Published on Friday, 03 October 2014 19:48
Band: Sopor Aeternus & The Ensemble Of Shadows
Album title: Mitternacht - The Dark Night Of The Soul
Release date: 23 September 2014
Label: Apocalyptic Vision Records
03. La Prima Vez
05. The Boy Has Built A Catacomb
06. Carnival Of Souls
08. Under His Light
09. You Cannot Make Him Love You
10. Under His Light
11. Into The Night
12. It's Just That My Sadness
13. Under His Light(2)
The clock stroke Mitternacht (English: midnight) and the queen of sorrow, enigmatic and spiritual visible ghost Anna-Varney Cantodea and her shadows woke up from eternal sleep and presented the 12th full length studio release by the always mournful Sopor Aeternus & The Enseble Of Shadows. And if you dare to open gates to a universe of grief any agony, darkness and despair, then by all means – enter.
With a well known musical style, combining neoclassical, darkwave, folk and gothic features and exploring the sound with the use of chiding and tolling bells, trombones and violins among others, the opening intro "Mitternacht" will slowly take you in a world of sweet dreams and your worst nightmares, as it beautifully passes into a sorrowful lullaby ''Beautiful''. Minimalistic in tunes and words, this masterpiece draws the most profound, melancholic and agonizing atmosphere. It will open your old wounds and they will bleed again; it will awake your deepest fears and bring to surface your most painful memories, twisting the knife deeper into your bleeding heart and slowly dying soul. Yes, Mitternacht will evoke a wide palette of emotions with its colorful array of sounds, from sadness to insanity. And the intensity of this emotions is so powerful, you will actually feel the tragedies inside songs project into you; into your soul and distant memories you've tried to bury so deep. While "The Boy Has Build A Catacomb" sounds like a modern, creepy funeral-song, the disturbingly morbid and monstrous "You Cannot Make Him Love You" will test your limits of sanity, portraying vividly your worst and most deranged nightmares. "La Prima Vez" (a cover of a traditional Sephardic song) and "Carnival Of Souls" (originally by Verne Langdon) will welcome you to the jet-black parade with its freakish playfulness and quirkiness, while ''If You Could Only Read My Mind'' presents a more peaceful and hopeful side of the story. As many famous (and less famous) musicians have covered Cher's more-than-famous ballad "Bang-Bang", Sopor Aeternus's version is definitely one that deserves all the attention and praise, as it takes the heart-broken and dreadful pathos to the very maximum, slowly building the intensity until it reaches its more than agonizing climax.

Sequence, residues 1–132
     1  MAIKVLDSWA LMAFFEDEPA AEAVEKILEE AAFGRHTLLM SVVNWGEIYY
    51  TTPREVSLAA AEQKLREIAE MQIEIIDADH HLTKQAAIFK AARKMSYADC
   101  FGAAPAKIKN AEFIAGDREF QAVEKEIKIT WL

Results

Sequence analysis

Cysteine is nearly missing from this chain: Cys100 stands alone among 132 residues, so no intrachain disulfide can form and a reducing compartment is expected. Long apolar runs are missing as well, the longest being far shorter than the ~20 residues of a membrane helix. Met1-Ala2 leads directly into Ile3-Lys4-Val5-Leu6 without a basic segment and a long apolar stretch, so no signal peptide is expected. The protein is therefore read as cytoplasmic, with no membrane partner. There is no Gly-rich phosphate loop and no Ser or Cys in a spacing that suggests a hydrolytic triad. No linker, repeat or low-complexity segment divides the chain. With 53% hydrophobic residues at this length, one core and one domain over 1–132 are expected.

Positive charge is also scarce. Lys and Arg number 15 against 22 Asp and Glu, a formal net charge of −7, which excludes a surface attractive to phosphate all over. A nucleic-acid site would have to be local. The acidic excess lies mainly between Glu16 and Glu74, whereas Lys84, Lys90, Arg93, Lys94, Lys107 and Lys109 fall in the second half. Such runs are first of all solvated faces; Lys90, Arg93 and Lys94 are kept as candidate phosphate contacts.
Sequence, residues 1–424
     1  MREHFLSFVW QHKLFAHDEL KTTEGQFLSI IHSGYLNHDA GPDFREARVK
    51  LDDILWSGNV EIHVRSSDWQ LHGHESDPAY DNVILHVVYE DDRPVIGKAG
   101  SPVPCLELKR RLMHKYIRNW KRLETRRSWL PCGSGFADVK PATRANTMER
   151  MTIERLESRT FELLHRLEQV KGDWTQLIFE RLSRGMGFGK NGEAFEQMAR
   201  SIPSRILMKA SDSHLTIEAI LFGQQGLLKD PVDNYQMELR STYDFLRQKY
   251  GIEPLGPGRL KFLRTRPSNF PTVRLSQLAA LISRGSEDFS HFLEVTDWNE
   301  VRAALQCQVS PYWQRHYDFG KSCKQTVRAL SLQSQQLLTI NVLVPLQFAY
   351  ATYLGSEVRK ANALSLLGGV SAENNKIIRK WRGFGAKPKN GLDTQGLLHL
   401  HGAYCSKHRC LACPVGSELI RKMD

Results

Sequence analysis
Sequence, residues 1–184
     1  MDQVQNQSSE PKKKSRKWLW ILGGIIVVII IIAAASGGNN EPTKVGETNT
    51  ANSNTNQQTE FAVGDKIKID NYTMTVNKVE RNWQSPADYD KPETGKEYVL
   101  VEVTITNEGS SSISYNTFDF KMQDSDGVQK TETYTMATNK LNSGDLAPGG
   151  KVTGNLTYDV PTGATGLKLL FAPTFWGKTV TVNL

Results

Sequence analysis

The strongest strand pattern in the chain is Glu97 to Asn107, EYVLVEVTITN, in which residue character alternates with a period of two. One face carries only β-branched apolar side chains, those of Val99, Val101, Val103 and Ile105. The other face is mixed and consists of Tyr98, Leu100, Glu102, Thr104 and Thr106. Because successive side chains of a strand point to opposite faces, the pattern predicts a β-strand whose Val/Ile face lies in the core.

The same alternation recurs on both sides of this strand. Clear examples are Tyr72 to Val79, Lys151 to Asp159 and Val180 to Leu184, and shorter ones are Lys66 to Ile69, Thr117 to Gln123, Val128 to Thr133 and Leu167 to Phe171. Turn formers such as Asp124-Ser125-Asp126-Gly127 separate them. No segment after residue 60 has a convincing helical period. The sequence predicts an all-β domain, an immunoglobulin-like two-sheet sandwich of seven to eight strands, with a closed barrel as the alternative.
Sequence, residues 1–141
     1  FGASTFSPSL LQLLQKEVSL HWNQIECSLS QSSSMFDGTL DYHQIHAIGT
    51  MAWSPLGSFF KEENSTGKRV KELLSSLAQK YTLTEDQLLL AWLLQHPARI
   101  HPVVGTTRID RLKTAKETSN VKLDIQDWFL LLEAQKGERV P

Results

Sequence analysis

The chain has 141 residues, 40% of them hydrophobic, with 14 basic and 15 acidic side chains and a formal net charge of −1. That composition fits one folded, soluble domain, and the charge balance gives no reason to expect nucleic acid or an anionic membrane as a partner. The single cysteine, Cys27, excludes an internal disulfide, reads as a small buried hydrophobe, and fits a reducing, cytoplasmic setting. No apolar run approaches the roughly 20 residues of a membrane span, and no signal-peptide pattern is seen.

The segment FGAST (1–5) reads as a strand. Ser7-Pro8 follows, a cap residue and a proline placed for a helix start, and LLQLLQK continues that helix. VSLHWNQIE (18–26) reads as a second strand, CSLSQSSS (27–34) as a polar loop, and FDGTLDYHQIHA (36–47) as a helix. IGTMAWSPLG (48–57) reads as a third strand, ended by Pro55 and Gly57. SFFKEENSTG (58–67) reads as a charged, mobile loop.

There seems to be three aspects of endless sorrow on Mitternacht; one stripped of everything and just existing per sé, one slowly slipping into a world of deeply disturbing derangement and one, drawing a feeling you've reached a point when you are hurting so much, you can't even feel it; you can't shed a tear or say a word. You simply give into your pain, accept your surroundings and it brings you some inner peace and even a glimpse of joy. A glimpse of joy, because you can't feel pain any more.The significant trombones and trumpets add a special value, sometimes sounding almost glorifying like at the ending of the album's closing chapter ''Miniature'', other times sounding absolutely lamenting like on the cover of Julee Cruise's ''Into The Night''. Of course Anna-Varney's vocals are – as usual- a big and important part of the overall ambiance, because her signature, dramatic, expressing style of singing is so unique and such a great part of Sopor's music. The symbiosis between delivered melodies and her darkish, twisted, sometimes wicked and at other occasions playful vocal work is impeccable and blends together in a perfect equilibrium.
Is it a coincidence Mitternacht was released on the day of autumnal equinox? I daresay not, because this is the time of the year marks the passing of the Old Sun God as he returns to the embrace of the Goddess, who awaits him in the cold, wintry lands. This is a time, when one must mourn, but also celebrate life, because every passing, every end is a beginning of something new. And it seems Mitternacht is telling the same story, as its sundscapes portray the non compos mentis cycle of grief, pain and death, which travels slowly and anxiously into light, hope and life.
Review written by: Ines